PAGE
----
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14 January

Mud Fever

author image Irralie Richardson Irralie Richardson
Mud Fever image

What are the causes of Mud fever?

Mud fever is a skin condition cause mainly by bacteria called Dermatophilus Congolensis. Naturally present in the soil, this bacteria can settle in the horse’s lower leg especially when the skin’s integrity is compromised. Occasionally, this condition can occur through poor stable management or when the horses’ leg is consistently wet. 

Horses with thick and long feathers or white socks can be more prone to developing mud fever.

How to recognise the symptoms?

As it is often the case, the earlier the condition is spotted, the easier it is to treat and manage. 

First, the infection appears to be a simple inflammation of the skin. Then hair loss can be observed followed by weeping skin and the formation of scabs. These small wounds can become a point of entry for fungal or bacterial infection. 

Without treatment, mud fever can lead to lameness, lymphangitis and even sepsis.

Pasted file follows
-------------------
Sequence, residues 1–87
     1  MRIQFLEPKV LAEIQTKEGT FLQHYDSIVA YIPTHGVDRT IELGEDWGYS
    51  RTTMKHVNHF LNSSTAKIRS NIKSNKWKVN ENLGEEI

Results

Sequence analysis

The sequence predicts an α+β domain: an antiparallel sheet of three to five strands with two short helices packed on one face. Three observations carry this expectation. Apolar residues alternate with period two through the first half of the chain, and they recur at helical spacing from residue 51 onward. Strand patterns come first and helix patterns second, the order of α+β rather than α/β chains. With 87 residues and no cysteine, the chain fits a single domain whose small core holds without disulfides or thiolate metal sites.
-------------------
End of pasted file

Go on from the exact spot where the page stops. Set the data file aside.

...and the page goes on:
Prevention is better than cure

First and foremost, it is important to address the horse’s environment. If the horse is stabled, regular mucking out and periodical deep cleaning of the stables is a must. 

Outdoors, ground management will help keeping horses and ponies out of muddy patches: move water troughs, feeding stations and access to the paddock regularly, fence out muddy corners where horses tend to stand. Rubber mats are good for keeping the mud in high traffic areas under control. 

Finally, legs must be dried out properly after bathing, after turn out or after a hack in wet conditions. You may want to leave some of the feather when clipping as their primary function is to guide to rainwater run off away from the pastern.

Additional preventative measures can also be taken, like feeding supplements to support immunity and skin. Look out for echinacea rich supplements as this is traditionally used to support the immune system. Herbs rich in fatty acids such as Linseed can also be added to support skin health and integrity. 

How to treat mud fever

Taking the preventative measures listed above is the first step. Then, cleaning the affected area is the best course of action: 

  • When possible, wash the area with an antibacterial and antifungal shampoo. Make sure the area is dried well after.
  • If bathing is not possible, leave any mud on the legs to dry then brush the dried mud off and use an antiseptic and antifungal spray on the affected area.
  • Apply a protective lotion to help the healing process and to limit any bacterial or fungal growth.

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author image About Irralie Richardson Irralie Richardson

Irralie joined the team in November 2021 in the role of UK Customer Sales, Service, Helpline & Business Development.

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